Hello everyone. I am new to the prores raw editing workflow in final cut and I am wondering if anybody can shed some light on a small problem that I have. When editing with prores raw everything is very overexposed, that is easily fixed with the color correction tools. But the thumbnails remains very overexposed, both in the browser and on the timeline. It is somewhat annoying and does someone know if this is fixable in some way?
Another weird thing with this whole process is that when I scrub the overexposed thumbnails in the browser, the viewer does not show the footage as overexposed. But after I move the footage to the timeline it becomes very overexposed. What is with the scrubbing in the browser that makes the footage not becoming overexposed?
There seems to be a lot of opinions on the internet on what the correct workflow is regarding prores raw and I have not figured out what that would be. There seems to be several ways to do it according to apples white paper on prores raw. You can find that document by searching for "prores raw white paper"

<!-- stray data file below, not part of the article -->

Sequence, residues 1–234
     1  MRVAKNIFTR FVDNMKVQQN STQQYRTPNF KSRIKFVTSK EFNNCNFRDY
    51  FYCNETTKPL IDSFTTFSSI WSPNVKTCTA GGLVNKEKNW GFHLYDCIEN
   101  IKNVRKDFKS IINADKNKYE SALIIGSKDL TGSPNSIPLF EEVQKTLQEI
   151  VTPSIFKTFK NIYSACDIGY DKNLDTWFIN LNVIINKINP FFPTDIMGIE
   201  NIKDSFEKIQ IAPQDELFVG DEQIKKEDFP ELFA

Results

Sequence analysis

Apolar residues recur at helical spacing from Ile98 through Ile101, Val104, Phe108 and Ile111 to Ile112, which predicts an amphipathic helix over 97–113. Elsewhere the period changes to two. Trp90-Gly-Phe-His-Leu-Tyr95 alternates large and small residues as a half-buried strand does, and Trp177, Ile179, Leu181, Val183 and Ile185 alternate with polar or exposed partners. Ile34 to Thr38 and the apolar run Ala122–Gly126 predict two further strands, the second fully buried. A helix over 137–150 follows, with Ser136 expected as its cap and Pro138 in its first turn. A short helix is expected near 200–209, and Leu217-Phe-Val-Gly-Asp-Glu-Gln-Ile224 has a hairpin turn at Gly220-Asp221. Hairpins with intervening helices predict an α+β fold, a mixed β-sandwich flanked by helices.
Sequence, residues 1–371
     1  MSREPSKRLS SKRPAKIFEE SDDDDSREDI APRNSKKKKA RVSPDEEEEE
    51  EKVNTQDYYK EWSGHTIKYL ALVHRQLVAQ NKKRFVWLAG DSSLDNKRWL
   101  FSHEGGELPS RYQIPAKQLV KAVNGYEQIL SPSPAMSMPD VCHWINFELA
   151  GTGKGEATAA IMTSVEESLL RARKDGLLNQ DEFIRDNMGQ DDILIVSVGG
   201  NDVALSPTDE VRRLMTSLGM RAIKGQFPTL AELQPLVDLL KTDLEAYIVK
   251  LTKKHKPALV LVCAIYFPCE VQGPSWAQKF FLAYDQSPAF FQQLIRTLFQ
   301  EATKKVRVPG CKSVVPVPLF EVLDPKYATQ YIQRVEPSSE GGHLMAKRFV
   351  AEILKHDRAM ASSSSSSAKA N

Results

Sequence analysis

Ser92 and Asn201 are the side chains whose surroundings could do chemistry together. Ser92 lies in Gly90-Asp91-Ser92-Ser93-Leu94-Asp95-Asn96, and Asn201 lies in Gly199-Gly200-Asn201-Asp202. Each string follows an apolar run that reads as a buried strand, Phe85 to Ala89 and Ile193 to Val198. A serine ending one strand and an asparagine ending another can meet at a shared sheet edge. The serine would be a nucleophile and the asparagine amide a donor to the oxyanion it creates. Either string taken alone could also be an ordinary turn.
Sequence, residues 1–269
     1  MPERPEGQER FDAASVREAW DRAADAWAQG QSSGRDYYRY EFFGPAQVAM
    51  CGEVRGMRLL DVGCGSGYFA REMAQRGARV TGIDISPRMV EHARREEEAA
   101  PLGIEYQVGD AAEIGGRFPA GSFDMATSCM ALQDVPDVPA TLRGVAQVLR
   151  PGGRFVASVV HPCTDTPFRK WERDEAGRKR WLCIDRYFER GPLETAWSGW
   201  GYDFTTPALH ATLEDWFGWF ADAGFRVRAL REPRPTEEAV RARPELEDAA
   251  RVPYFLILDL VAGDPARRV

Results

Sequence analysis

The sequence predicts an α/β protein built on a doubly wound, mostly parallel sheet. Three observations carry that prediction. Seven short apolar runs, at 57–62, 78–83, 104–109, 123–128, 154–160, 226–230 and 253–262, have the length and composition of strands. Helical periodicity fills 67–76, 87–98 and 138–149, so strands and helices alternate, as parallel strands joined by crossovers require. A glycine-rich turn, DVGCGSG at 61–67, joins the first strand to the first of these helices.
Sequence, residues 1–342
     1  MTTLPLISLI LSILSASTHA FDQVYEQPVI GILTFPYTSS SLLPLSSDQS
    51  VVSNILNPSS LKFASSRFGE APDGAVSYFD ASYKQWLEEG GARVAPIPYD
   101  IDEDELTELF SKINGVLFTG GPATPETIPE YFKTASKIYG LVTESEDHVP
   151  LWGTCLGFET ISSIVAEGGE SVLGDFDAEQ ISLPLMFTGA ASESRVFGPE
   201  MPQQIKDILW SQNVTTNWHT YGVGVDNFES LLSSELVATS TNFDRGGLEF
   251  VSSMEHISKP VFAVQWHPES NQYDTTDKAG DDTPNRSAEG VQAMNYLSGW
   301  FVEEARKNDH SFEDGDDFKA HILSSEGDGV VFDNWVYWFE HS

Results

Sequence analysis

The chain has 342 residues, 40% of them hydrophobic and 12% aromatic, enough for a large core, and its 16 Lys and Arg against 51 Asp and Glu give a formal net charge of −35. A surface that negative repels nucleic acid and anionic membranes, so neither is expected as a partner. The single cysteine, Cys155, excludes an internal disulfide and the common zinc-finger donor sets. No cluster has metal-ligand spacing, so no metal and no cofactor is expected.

The image in the viewer in the provided screenshot is color corrected from the overexposed image that appear when you put the footage in the timeline, but you can see the annoyingly overexposed thumbs both the browser and in the timeline.
This article says you should modify the library to wide gamut HDR then select the clips in the Event Browser or timeline and under "raw to log conversion" in the Inspector Info tab, select Sony S-Log3/S-Gamut3. That was when the article was written in Dec 2019; they expected Nikon to later provide a Nikon-specific conversion. I don't know the status of that but I suggest trying what they mention in the article, since they were testing ProRes RAW on a Nikon Z6 just like yours.
A raw2log-LUT is a crutch, bringing down *exposure* manually clip by clip is also a crutch. PRAW doesn't let you correct WB after the fact. When you try to use the "Color Temperature" slider beneath the Wheels, you rather tint the image more orange or more blue.
In short: what's missing is a simple tool to interpret PRAW in the target color space. For the time being, that means absent a RAW module in Inspector, use the Color Board's Exposure and Color tabs. At least the values there aren't so completely out of range.